June 8, 2004 — When we think of head-up displays, we tend to think of supersonic jet pilots careening through the upper atmosphere with data hovering before their eyes. But Microvision, a maker of MEMS-based head-up display technology, is also pursuing more mundane niches like wearable displays for automotive technicians.
The company is ramping up efforts to sell a $3,995 device called the Nomad Expert Technician System, which lets automotive technicians access manuals and other service information while they work.
Industry analysts say the move is not a surprise. “Wearable computing has drawn a lot of interest,” said Marlene Bourne, a senior MEMS analyst at the research firm In-Stat/MDR. But as high-volume applications move along more slowly, she says, companies are reaching out into profitable niche applications.
Microvision isn’t releasing any sales figures yet, but a spokesperson said the company is taking orders from auto dealerships and service centers. It expects to begin formal product shipments by the end of the second quarter.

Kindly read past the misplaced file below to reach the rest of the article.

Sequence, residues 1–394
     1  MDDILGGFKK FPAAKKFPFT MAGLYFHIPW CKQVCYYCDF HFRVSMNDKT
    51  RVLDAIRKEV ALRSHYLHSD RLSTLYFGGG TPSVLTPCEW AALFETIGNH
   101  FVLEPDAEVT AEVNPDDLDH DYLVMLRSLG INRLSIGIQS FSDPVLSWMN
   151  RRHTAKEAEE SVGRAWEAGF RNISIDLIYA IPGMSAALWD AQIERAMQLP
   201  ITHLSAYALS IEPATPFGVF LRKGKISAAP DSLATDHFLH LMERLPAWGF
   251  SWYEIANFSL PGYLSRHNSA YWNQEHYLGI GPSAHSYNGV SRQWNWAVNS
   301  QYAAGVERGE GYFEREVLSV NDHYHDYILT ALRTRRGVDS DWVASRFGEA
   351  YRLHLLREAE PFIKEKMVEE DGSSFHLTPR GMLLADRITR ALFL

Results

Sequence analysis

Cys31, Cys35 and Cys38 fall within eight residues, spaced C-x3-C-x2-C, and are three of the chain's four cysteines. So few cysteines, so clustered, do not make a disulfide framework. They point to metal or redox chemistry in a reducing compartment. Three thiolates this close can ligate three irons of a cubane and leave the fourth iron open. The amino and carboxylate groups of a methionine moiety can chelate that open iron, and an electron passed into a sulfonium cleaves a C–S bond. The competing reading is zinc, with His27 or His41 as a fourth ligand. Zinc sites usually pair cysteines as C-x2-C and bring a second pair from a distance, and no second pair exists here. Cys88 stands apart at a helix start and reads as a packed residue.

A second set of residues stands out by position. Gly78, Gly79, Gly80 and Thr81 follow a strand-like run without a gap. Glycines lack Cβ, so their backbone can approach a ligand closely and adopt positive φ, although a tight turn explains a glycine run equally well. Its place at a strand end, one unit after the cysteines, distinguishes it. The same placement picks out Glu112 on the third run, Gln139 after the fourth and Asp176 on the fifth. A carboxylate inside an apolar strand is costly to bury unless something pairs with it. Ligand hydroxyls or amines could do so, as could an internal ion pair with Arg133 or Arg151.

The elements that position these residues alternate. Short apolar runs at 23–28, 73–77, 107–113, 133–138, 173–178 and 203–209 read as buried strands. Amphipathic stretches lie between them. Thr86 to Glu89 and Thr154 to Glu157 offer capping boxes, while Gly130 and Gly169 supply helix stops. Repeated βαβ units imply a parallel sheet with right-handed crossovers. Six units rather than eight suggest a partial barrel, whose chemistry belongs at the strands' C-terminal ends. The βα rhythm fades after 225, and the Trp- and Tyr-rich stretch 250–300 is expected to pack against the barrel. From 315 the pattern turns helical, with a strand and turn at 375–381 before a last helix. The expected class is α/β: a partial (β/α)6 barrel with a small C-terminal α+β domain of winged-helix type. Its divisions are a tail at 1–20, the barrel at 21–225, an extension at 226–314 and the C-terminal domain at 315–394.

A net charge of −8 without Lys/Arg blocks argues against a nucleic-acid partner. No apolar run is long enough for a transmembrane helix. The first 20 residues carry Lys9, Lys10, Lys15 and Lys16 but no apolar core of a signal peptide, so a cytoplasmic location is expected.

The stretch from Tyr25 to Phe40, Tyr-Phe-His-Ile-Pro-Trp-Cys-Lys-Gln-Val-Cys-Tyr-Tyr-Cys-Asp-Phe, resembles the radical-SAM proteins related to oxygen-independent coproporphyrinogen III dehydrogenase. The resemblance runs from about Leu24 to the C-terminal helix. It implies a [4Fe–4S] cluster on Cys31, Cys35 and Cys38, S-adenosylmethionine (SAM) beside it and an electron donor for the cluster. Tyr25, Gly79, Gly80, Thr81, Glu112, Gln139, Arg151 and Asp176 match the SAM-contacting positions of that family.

Microvision’s technology uses a MEMS-based chip that writes an image directly on the viewer’s retina, creating the illusion of a full-size image. The chip is housed inside headgear designed not to impede ordinary vision. The headgear is wired to a hip-worn computer running a special version of Microsoft Windows.
The computer accesses reference material via a wireless connection from a computer at the shop or located elsewhere on the Internet.
Service technicians are apparently impressed. Microvision has completed two efficiency studies, according to Bruce Ridley, industrial marketing manager. A study with Honda showed a 39-percent efficiency gain. A second study with Volvo showed a 31-percent gain.
“Not only can they make more money,” Ridley said. “But the customer gets the vehicle back faster … and there’s a higher quality of service.” Ridley said technicians are less distracted when they have reference information right in front of them. The system also ensures that they have the most updated material.
Microvision originally introduced the product last year at Honda and Acura dealers. Based on the introduction, Honda plans to roll out its version of the system to dealers and technicians this year.
Down the road, Microvision intends to market the product to a wider variety of industries. Ridley said the automotive service market is a good match because it has a large market with specific problems, and because digital content is already available. He said the next obvious applications are inspecting, such as that done by insurance adjustors, and process control in large factories.